Tuju is one of the most decent men in Kenyan politics. When he speaks, you get the impression that he would be more comfortable behind a corporate desk, and not out in the pigfest of Kenyan politics exchanging jabs.

There are times I wonder what the Tangatanga folks would do if they had a more abrasive secretary general in the mould of Joseph Kamotho to contend with. Because it seems that bullying is their modus operandi, and a gentleman for an opponent is exactly their political meal.

Still on Jubilee wars, last week ended with one of the ugliest scenes so far in their unending drama. Deputy  President William Ruto visited Kenol, Murang'a county, and violence ensued, leaving two people dead.

In the larger scheme of things, Tangatanga’s invasion of Uhuru’s backyard in this manner is starting to appear rather bold and provocative.

One has to wonder how things will be when Uhuru decides he has had enough of the perceived disrespect and provocation. From a casual glance, the Tangatanga strategy seems to revolve around the belief that Uhuru will not react, or that their real enemies are civil servants and junior politicians. What I shudder to imagine is how this will unravel if Uhuru chooses to call the Tangatanga bluff, and decides to fight fire with fire.

­The Murang'a grandstanding and violence presents the clearest sign that what were initially internal Jubilee feuds have predictably become national security challenges. Yet one side of that divide keeps pushing and stretching the boundaries.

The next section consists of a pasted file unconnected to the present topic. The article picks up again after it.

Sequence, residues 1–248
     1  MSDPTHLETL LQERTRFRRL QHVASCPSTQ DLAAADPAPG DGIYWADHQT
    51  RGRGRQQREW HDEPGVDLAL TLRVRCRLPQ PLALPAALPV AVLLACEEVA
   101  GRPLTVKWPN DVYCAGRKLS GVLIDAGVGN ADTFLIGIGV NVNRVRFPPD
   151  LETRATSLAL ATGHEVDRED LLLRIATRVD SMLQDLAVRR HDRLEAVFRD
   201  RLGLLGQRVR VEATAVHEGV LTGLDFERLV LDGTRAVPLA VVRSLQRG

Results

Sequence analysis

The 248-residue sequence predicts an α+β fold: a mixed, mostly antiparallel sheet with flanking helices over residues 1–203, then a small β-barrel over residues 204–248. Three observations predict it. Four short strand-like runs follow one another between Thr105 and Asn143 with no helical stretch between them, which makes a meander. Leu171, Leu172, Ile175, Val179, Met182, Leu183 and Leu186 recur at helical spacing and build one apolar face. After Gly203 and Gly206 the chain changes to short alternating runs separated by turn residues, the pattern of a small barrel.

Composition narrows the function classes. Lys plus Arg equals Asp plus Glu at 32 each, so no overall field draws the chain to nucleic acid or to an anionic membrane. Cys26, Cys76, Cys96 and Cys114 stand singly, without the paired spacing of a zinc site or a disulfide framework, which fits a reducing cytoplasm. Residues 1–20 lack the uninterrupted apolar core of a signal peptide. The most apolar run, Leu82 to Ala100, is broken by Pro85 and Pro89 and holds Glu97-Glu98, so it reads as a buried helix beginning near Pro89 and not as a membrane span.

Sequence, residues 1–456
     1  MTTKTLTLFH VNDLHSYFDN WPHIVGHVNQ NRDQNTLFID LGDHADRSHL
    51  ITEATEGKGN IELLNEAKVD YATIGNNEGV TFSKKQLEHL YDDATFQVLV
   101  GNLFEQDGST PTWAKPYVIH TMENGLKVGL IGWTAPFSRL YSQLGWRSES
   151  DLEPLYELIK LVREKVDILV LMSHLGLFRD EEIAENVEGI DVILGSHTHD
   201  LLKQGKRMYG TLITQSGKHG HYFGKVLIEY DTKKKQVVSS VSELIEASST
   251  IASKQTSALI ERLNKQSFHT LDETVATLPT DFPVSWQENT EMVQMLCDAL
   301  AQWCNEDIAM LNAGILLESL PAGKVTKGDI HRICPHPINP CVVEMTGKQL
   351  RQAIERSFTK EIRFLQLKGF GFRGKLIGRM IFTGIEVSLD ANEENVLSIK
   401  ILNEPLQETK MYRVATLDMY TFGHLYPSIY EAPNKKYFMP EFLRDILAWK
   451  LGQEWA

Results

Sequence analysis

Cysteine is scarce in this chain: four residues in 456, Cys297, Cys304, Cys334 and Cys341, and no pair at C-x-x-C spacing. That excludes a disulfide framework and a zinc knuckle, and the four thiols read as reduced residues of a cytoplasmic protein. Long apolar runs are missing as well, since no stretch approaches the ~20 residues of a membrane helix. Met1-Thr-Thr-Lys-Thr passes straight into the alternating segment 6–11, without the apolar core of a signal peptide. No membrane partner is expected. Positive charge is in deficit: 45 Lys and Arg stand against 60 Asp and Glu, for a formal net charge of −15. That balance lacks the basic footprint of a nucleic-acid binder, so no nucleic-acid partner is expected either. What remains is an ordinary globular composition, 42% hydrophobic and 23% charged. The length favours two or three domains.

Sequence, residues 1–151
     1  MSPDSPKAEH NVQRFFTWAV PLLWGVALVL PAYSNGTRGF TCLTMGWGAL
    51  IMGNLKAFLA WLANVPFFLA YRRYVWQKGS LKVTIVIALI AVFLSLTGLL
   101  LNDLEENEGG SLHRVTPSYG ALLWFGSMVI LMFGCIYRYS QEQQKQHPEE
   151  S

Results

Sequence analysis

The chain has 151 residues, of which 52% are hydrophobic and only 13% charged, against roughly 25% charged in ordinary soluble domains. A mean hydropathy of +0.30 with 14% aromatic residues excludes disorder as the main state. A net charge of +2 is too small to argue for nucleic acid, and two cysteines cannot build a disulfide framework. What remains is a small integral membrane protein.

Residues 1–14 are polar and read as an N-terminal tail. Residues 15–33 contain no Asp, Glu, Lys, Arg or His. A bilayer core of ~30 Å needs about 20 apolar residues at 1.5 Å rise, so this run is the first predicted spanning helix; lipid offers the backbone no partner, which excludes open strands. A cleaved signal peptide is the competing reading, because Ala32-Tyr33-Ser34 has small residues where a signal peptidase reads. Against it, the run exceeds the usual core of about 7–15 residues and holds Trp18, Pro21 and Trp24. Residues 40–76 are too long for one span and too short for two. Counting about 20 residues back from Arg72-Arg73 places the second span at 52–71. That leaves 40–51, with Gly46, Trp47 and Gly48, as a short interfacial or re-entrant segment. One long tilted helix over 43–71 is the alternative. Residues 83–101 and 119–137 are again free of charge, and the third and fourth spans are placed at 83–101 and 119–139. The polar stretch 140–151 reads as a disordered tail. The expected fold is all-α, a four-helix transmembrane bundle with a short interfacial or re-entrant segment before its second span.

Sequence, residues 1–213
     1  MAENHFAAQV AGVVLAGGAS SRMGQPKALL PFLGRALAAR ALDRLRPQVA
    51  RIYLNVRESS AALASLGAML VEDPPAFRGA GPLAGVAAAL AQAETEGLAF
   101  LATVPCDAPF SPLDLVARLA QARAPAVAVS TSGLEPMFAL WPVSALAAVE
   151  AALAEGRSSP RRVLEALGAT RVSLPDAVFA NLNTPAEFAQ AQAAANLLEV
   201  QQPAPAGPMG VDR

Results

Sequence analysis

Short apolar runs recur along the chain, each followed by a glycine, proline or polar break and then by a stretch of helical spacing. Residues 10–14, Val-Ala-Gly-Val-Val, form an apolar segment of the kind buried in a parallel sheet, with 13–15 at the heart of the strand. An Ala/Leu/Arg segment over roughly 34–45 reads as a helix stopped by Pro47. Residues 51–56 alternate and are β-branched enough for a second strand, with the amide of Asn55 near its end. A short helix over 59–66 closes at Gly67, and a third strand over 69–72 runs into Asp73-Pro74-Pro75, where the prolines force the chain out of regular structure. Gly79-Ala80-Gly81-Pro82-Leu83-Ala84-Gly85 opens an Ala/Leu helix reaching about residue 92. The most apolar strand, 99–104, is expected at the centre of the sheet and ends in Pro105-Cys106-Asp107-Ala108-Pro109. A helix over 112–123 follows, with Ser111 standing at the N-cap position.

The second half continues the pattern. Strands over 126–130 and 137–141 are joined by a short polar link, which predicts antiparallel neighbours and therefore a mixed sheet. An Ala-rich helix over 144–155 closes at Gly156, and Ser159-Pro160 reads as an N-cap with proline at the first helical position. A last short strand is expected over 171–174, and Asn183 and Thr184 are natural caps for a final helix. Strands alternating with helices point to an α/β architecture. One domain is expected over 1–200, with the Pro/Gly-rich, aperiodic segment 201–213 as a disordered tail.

With every incident, Uhuru will be called upon to respond, not as Jubilee Party leader, but as the Commander-in-Chief of the Defence Forces and symbol of unity of the republic.

In a social media post, Nyeri Town MP Ngunjiri Wambugu rightly pointed out that the only place violence has been rearing its head in these Jubilee fights was in Central Kenya, and not its other stronghold and Ruto backyard, the Rift Valley.

The import of this is to show a divided Kikuyu house and show their vote is up for grabs. Obviously, this thinking does not take into account Uhuru’s options and possible reaction when he deems the time is right.

Even before that, reports that several Kieleweke wing MPs had mobilised to confront the DP’s group when they stormed Jubilee House, provided the first indication that moving forward, the two sides are going for each other’s jugular and leaving no space for reconciliation.

For Uhuru, he can get away with being seen weak and ineffective as Jubilee leader, but certainly not as President. By all standards, the Jubilee feud has gone on for far too long and there is still a whopping two years to the general election.

This situation can only get worse, and it will be unsustainable to the country’s economic aspirations and stability. On the flip side, neutral observers who had to live with Jubilee’s arrogance from 2013 —  from matching suits and ties to taunts about eating meat as the rest watched — can’t help but marvel at the self-destruct mode that ruling party has gone into.

I for one hope the Jubilee political house burns down to ashes and leaves behind no memory, because Jubilee is probably the worst thing that ever happened to this country,presiding over a chaotic corrupt and divisive period that we are better off forgetting fast.

On that score, I am content to cheer from ringside s as both sides destroy each other. From a self-serving quasi-righteous position, I truly hope Jubilee wars get worse, and the party disintegrates to the four winds so this country can seek a fresh start in the next election, and forget the disastrous Jubilee experiment that fate threw at us.

That day will be a good day.